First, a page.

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Decentralised Crypto Exchanges (DEX)

This is the final chapter in the series on how exchanges work. You can read part 1, an intro to crypto exchanges here, and part 2, on exchange aggregators, here.

5 key takeaways

  1. Peer-to-Peer Trading: DEXs use blockchain technology for direct, peer-to-peer trading, bypassing traditional intermediaries for increased transparency and cost-efficiency.
  2. Role of Smart Contracts: Transactions on DEXs are managed by smart contracts, self-executing code lines acting as automated market makers for direct asset exchange.
  3. Using a DEX: Users need a compatible digital wallet to interact with a DEX, which allows them to place and track orders. DEXs often use liquidity pools and mathematical formulas for price calculations.
  4. Risk Factors: Risks in DEXs include smart contract vulnerabilities, visible on-chain transactions leading to front-running risks, liquidity risks causing price slippage, and scalability issues causing transaction delays.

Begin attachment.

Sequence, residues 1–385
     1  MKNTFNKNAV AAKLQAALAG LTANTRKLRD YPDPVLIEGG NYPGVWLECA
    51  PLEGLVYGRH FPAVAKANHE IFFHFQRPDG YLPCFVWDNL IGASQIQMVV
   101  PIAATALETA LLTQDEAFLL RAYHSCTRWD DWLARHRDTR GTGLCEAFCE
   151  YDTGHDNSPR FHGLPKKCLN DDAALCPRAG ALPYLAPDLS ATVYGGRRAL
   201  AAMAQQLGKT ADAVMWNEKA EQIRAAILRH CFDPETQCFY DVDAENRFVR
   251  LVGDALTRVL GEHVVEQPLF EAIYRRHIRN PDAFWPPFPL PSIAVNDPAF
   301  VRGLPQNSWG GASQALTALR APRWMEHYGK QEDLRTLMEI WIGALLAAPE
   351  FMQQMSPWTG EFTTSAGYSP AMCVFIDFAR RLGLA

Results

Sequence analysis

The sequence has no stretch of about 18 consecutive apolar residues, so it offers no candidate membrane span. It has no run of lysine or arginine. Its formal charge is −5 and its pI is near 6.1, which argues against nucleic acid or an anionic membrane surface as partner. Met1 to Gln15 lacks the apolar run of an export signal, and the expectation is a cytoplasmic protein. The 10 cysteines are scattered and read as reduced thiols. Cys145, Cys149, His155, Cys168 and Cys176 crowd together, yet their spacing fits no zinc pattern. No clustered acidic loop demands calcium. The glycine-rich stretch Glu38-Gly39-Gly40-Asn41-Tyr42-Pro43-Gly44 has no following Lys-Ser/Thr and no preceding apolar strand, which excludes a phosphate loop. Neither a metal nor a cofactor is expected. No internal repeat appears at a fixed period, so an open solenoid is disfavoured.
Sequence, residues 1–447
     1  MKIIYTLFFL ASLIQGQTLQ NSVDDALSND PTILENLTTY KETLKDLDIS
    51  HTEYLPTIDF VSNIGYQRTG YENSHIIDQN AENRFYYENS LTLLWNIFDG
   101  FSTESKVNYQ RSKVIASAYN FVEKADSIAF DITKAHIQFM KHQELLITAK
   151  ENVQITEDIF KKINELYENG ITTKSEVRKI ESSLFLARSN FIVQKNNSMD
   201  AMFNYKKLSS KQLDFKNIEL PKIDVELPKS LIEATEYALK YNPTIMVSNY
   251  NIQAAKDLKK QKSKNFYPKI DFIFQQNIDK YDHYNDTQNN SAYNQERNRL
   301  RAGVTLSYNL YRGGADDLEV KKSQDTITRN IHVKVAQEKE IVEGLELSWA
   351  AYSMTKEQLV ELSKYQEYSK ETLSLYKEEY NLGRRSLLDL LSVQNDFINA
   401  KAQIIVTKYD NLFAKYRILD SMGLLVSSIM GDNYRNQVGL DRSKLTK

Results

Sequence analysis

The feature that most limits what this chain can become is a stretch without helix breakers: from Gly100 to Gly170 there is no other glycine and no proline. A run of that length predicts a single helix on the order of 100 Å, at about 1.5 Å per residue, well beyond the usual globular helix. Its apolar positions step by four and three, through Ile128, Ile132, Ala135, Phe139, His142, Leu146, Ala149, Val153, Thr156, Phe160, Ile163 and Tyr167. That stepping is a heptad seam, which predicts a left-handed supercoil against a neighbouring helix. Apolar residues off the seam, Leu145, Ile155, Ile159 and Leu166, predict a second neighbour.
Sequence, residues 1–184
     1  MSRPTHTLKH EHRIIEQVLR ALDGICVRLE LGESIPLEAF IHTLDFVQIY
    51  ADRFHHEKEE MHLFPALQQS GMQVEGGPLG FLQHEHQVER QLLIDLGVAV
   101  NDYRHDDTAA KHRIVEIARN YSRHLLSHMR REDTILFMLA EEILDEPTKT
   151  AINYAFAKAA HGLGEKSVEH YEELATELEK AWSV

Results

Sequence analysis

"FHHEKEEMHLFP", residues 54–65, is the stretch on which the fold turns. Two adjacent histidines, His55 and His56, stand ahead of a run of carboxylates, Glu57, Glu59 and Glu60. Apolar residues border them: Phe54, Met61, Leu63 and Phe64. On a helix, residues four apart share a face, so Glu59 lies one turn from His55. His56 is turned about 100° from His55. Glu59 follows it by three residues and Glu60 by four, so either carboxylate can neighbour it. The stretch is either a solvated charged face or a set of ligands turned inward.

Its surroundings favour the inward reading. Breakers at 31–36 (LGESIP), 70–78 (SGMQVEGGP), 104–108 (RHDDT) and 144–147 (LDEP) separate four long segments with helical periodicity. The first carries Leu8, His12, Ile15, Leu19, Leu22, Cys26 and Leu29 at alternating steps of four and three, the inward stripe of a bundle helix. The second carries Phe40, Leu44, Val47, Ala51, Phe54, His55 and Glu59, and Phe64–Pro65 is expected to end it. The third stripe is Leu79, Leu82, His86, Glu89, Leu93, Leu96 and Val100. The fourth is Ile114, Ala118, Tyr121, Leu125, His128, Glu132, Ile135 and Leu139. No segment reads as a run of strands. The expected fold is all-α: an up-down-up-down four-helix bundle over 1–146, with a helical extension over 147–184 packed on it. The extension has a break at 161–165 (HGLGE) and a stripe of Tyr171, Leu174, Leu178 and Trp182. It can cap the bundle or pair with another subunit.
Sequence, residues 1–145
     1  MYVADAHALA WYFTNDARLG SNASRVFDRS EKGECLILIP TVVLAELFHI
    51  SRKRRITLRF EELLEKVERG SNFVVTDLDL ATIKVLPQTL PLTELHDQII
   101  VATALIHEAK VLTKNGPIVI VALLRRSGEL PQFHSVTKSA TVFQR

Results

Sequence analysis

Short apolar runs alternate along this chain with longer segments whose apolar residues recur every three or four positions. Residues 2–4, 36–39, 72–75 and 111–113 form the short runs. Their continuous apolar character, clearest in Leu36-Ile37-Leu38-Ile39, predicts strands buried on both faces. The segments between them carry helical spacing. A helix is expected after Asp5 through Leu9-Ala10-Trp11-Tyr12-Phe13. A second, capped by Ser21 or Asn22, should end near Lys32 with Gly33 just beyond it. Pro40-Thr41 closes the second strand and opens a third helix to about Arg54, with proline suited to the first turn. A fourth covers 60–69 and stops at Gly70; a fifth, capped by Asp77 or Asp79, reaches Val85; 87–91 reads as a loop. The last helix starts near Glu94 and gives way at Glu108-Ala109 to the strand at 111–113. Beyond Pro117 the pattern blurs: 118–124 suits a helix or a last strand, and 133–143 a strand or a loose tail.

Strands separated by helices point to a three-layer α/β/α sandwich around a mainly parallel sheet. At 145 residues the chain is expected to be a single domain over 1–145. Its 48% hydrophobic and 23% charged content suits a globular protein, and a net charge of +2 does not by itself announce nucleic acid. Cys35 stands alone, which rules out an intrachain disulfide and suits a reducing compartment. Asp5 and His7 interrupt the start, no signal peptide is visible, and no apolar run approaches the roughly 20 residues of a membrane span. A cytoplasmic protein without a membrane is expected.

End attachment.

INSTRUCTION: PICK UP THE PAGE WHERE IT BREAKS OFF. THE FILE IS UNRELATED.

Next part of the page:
5. DEX Evolution: Despite challenges, DEXs continue to evolve, offering an alternative to traditional financial systems with ongoing improvements in security, efficiency, and user experience.

Decentralised crypto exchanges (DEX) are a revolutionary trading paradigm that emerged from the evolution of blockchain technology. As the name suggests, they are platforms that facilitate peer-to-peer trading directly on the blockchain without intermediaries. Their unique architecture has prompted significant interest in the blockchain community, but understanding their operations, usage, and inherent risks is crucial before making an informed dive into this new ecosystem.

How does a DEX work?

Traditional financial systems require middlemen like banks and brokers to facilitate transactions. These intermediaries often impose fees and restrictions, creating an opaque and costly trading environment. Blockchain technology, however, enables users to bypass these intermediaries through a DEX. The peer-to-peer structure of a DEX means that trades are conducted directly between users, ensuring transparency, speed, and cost efficiency. It ultimately removes your need to place your trust in a counterparty.